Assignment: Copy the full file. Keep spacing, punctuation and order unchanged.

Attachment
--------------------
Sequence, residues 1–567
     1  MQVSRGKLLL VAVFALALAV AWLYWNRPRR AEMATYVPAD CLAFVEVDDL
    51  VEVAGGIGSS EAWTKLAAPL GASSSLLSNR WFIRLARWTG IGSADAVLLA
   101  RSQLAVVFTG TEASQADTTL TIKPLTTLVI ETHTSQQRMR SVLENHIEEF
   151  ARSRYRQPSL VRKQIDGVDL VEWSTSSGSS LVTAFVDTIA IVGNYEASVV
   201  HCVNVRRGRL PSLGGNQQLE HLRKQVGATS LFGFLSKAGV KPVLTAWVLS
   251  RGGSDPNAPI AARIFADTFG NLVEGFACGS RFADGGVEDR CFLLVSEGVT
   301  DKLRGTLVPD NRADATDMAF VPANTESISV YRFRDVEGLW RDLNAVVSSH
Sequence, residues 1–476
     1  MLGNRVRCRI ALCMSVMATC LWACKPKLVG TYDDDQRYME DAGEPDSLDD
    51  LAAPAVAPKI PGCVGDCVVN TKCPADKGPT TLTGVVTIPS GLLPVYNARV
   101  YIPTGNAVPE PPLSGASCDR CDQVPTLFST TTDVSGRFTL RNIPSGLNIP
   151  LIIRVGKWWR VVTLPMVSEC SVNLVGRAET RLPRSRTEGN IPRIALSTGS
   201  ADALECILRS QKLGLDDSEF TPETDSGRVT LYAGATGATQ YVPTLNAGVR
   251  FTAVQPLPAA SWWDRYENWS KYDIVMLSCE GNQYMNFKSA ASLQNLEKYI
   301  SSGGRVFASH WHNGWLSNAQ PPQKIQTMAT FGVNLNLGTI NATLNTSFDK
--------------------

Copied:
Sequence, residues 1–567
     1  MQVSRGKLLL VAVFALALAV AWLYWNRPRR AEMATYVPAD CLAFVEVDDL
    51  VEVAGGIGSS EAWTKLAAPL GASSSLLSNR WFIRLARWTG IGSADAVLLA
   101  RSQLAVVFTG TEASQADTTL TIKPLTTLVI ETHTSQQRMR SVLENHIEEF
   151  ARSRYRQPSL VRKQIDGVDL VEWSTSSGSS LVTAFVDTIA IVGNYEASVV
   201  HCVNVRRGRL PSLGGNQQLE HLRKQVGATS LFGFLSKAGV KPVLTAWVLS
   251  RGGSDPNAPI AARIFADTFG NLVEGFACGS RFADGGVEDR CFLLVSEGVT
   301  DKLRGTLVPD NRADATDMAF VPANTESISV YRFRDVEGLW RDLNAVVSSH
Sequence, residues 1–476
     1  MLGNRVRCRI ALCMSVMATC LWACKPKLVG TYDDDQRYME DAGEPDSLDD
    51  LAAPAVAPKI PGCVGDCVVN TKCPADKGPT TLTGVVTIPS GLLPVYNARV
   101  YIPTGNAVPE PPLSGASCDR CDQVPTLFST TTDVSGRFTL RNIPSGLNIP
   151  LIIRVGKWWR VVTLPMVSEC SVNLVGRAET RLPRSRTEGN IPRIALSTGS
   201  ADALECILRS QKLGLDDSEF TPETDSGRVT LYAGATGATQ YVPTLNAGVR
   251  FTAVQPLPAA SWWDRYENWS KYDIVMLSCE GNQYMNFKSA ASLQNLEKYI
   301  SSGGRVFASH WHNGWLSNAQ PPQKIQTMAT FGVNLNLGTI NATLNTSFDK